Townsend's Solitaires
  • Length: 7.9-8.7 in (20-22 cm)
  • Weight: 1.1-1.2 oz (30-35 g)
  • Wingspan: 13.0-14.6 in (33-37 cm)

These are mountain birds with a grey hue similar to the mockingbird. But they have a white eye-ring that mockingbirds do not have and a small buff mark on the wing.

They lack the larger white areas of plumage on the mockingbird of the underparts and wing flashes.

Blue-Gray Gnatcatcher

Blue-Gray Gnatcatcher
  • Length: 3.9-4.3 in (10-11 cm)
  • Weight: 0.2-0.3 oz (4.8-8.9 g)
  • Wingspan: 6.3 in (16 cm)

This small bird is less than half the size of a mockingbird and flits quietly through the undergrowth rather than being loud and conspicuous like the mockingbird.

But with its white belly, breast, and grayish back, it might be mistaken for a mockingbird.

But it has a much bluer hue to its back too, and a prominent white eye-ring helps set it apart.

Sage Thrasher

Sage Thrasher
  • Length: 7.9-9.1 in (20-23 cm)
  • Weight: 1.4-1.8 oz (40-50 g)
  • Wingspan: 12.6 in (32 cm)

Sage thrashers have a greyish-brown back like the mockingbird. But they lack the white underparts and wing and tail flashes of the mockingbird and instead have streaked breasts and bellies with buff and brown hues.

Gray Kingbird

Gray Kingbird
  • Length: 9.1-9.4 in (23-24 cm)
  • Weight: 1.3-1.8 oz (37-51.2 g)
  • Wingspan: 14.0 in (35.6 cm)

This is a common site around the Keys, found only in Florida and to the southeast of there to South America.

It resembles the mockingbird’s gray upperparts and clean white under portions. But it has broad shoulders and a larger head and lacks the white tail and wing flashes.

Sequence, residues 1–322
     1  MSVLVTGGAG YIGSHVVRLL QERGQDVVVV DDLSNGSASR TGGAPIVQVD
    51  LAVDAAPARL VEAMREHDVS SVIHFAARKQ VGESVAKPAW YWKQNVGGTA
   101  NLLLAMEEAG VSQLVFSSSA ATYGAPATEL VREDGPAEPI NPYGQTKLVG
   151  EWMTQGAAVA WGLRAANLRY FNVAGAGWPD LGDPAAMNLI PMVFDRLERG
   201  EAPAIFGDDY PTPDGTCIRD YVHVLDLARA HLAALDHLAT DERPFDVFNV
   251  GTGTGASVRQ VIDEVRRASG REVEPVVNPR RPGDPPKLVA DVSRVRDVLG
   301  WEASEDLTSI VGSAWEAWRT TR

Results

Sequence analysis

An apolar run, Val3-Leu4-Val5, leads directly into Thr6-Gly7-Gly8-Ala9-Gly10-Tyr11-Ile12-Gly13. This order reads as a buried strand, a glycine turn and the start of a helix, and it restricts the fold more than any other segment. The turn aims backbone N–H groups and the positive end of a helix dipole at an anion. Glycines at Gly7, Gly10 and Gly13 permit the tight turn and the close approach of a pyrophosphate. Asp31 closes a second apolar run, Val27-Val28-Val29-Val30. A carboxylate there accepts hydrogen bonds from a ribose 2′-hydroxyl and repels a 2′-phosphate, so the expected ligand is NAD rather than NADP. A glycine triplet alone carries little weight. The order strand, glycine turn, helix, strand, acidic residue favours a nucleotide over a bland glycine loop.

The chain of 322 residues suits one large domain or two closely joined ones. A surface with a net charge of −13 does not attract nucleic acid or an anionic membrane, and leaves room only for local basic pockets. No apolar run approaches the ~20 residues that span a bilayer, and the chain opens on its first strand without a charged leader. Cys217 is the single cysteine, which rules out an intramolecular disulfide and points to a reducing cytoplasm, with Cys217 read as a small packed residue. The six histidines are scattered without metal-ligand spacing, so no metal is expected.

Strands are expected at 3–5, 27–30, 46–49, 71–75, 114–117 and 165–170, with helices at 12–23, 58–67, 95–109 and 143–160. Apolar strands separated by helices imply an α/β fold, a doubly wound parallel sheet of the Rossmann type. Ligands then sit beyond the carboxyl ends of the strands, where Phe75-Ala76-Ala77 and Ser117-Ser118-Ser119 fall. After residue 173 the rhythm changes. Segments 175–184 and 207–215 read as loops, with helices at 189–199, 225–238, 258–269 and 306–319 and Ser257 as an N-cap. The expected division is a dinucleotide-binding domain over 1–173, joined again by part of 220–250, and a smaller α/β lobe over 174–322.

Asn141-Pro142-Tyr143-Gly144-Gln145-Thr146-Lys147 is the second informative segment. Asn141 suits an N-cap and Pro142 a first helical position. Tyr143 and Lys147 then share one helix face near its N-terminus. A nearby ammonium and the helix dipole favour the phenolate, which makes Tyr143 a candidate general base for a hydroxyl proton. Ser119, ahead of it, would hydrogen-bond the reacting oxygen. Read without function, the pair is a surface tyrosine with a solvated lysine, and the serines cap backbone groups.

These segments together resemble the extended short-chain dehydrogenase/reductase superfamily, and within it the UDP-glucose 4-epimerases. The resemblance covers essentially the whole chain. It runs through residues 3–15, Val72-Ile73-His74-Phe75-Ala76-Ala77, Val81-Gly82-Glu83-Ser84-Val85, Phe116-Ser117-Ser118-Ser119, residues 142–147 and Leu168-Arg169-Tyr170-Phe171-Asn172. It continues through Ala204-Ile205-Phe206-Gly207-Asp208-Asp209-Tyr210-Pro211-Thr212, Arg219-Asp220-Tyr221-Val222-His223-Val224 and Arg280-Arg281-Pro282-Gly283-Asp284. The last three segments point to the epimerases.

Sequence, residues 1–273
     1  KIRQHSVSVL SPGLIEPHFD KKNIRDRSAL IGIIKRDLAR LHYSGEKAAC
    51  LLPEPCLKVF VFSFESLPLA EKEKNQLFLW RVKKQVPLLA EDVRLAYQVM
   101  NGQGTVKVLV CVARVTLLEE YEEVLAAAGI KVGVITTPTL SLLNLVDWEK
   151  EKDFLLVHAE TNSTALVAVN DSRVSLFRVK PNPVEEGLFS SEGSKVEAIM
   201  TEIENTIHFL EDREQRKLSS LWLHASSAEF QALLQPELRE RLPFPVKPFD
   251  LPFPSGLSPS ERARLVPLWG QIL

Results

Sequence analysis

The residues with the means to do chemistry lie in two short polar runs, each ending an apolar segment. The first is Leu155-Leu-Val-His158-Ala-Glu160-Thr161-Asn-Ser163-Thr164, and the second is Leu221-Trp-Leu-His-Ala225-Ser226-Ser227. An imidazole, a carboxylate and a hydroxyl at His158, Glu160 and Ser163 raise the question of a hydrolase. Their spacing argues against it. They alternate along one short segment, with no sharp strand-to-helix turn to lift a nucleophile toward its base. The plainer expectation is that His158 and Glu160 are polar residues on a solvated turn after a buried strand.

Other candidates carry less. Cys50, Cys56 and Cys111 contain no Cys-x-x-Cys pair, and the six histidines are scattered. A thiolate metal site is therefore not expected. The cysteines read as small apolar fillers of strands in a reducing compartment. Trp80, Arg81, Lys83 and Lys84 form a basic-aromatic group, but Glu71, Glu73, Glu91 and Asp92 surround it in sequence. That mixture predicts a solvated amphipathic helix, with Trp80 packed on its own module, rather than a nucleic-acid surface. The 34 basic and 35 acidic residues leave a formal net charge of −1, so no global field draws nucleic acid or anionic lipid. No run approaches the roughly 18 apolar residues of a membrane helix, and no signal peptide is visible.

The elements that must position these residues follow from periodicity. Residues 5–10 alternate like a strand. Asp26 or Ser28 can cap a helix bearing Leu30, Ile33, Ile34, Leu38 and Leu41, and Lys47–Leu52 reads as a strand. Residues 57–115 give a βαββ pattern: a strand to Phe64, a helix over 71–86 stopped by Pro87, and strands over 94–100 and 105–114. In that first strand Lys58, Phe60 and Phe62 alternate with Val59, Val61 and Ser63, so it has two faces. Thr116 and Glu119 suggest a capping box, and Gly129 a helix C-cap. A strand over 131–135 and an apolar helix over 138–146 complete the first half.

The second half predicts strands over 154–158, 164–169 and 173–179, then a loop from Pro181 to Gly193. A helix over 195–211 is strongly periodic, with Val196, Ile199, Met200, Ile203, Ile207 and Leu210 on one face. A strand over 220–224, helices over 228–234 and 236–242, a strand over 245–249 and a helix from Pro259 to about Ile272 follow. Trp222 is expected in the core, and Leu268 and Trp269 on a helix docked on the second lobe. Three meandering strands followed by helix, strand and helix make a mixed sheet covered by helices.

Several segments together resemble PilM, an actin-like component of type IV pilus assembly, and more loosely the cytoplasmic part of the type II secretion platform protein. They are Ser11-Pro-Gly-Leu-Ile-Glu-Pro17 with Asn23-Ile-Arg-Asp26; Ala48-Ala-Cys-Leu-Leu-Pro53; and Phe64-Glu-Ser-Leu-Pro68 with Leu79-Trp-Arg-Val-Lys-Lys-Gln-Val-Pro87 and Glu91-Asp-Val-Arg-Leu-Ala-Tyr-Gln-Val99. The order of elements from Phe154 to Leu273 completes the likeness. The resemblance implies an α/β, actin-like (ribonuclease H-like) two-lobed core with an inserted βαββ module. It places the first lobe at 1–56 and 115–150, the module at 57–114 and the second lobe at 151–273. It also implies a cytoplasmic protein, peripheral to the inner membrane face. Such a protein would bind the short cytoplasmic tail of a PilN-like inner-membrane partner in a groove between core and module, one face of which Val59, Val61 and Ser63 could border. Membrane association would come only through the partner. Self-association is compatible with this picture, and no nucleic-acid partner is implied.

Canada Jay

Canada Jay
  • Length: 9-13 in (25-33 cm)
  • Weight: 65-70 g
  • Wingspan: 14.0 in (35.6 cm)

The Canada Jay is around the same size as the mockingbird and has grey plumage. But there are also a lot of differences between the two.

Canada jays have white necks and faces, breasts and bellies, and they don’t have yellow irises like mockingbirds.

Gray Flycatcher

Gray Flycatcher
  • Length: 5.5-5.9 in (14-15 cm)
  • Weight: 0.4-0.5 oz (11-14 g)
  • Wingspan: 8.7 in (22 cm)

Though they share the gray upperparts and white underneath the mockingbird, they are much smaller and lighter.

Their eyes are also completely black with white eye rings, which sets them apart from the mockingbird.

Warbling Vireo

Warbling Vireo
  • Length: 4.7-5.1 in (12-13 cm)
  • Weight: 0.3-0.6 oz (10-16 g)
  • Wingspan: 8.7 in (22 cm)

The warbling vireo is another small songbird that might superficially resemble the mockingbird but, again, is much smaller and lighter.

They also have different eyes as they do not have the yellow iris of the mockingbird but rather eyes of a dark brown hue.

The catbird and the thrasher listed above are related to and in the same family as northern mockingbirds – as mentioned above, they are in the Mimidae family. But the other birds, while similar in some ways, are not closely related.

Recognizing the similarities and differences between mockingbirds and these other birds will help you better identify the birds you can spot in your area.

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Elizabeth Waddington

Elizabeth Waddington is a conservation, rewilding, organic gardening and sustainability specialist who loves everything nature-related. She loves helping others around the world connect with the wildlife and wonders around them. When not creating wildlife-wise, eco-friendly designs, or writing about the topics that inspire her, she loves spending time watching the birds on and around her own rural property, or heading out on camping or hiking adventures to spot birds and other wildlife in a range of habitats.